I have a question about creating our perfect home environment, we purchased a whole house water filter, do you still recommend shower filters too? I thought our whole hous filter would take out contaminated water and chlorine?
Thanks for your time!
Hi Lisa! If you are using a whole house filter you should be just fine.
Evangeline Elmendorf Greene says
Hi Jennifer, after months of illness, I finally found out I was suffering from Toxic mold illness. I now am facing the loss of everything I own and looking for a new place to live. I am on a limited income and certainly could never afford all that you list for a “perfect house.” I am reduced to looking for a studio apt. Some questions I have: What do I do about all my important documents? Should I try to trade in my car? If not, how do I decontaminate my car? Would I contaminate another car just by getting into it? Also, what about my dog? How do I decontaminate her? As I am sure you well know, I feel stunned at the prospect of losing all my belongings, family heirlooms, everything, although I realize they are just things. I am worried about not being able to afford to rebuild my life, although I also realize that this is a way to start living a way more simple life. Stuff weighs people down. Thank you for listening to me and any advice you can give me would really help. Evie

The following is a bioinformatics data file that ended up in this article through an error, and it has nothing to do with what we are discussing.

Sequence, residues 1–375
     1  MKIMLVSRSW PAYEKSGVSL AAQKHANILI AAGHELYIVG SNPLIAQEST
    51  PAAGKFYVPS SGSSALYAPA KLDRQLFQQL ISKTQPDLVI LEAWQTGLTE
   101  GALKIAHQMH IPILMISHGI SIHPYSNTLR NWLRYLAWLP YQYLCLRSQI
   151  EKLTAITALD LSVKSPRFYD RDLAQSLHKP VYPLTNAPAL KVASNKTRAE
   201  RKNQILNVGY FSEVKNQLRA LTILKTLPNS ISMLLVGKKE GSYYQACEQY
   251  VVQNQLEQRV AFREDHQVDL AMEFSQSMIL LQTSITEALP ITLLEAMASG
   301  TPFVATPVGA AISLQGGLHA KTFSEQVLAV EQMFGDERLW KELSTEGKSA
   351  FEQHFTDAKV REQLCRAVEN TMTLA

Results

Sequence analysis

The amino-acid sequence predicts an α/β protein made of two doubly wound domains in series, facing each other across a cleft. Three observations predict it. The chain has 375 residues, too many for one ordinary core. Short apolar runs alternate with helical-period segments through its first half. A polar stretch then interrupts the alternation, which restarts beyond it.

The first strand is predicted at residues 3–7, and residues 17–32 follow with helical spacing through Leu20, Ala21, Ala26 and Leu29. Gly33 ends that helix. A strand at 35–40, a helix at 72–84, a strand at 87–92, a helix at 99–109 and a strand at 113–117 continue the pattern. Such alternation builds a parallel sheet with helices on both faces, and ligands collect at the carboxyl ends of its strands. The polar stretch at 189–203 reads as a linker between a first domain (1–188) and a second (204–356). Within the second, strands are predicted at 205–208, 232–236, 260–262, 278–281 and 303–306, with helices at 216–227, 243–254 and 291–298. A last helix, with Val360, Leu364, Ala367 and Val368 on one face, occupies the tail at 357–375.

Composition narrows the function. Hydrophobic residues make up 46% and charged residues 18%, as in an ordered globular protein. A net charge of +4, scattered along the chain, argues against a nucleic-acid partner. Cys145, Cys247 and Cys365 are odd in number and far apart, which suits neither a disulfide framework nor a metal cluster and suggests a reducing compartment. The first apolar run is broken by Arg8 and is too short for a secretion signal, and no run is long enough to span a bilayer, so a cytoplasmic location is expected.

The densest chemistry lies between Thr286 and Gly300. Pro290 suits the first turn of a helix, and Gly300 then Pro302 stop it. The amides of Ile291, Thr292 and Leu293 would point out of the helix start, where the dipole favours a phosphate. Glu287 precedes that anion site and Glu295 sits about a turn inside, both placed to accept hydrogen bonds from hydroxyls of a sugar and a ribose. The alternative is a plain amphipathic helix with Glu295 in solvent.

Hi Evie! I feel your pain. Please don’t let my list frustrate you. I can’t afford a perfect home myself. Doing the best I can! I put all my documents into ziplock bags and then stored them in a plastic tote with a secure latching lid. I then put the tote in a garbage bag and taped it up. I keep that stored in the garage. I kept my car against everyone’s wishes. I hired a remediation company to come out and do the best they could with it. I mold tested it afterwards and it was safe. I also run a portable air filter in the car while I am in it. Do not remediate the car until you are out of your moldy home. As for your dog…have her shaved completely and then given a anti-fungal bath. That is about all you can do. I wish you well and am sending you lot of positive energy!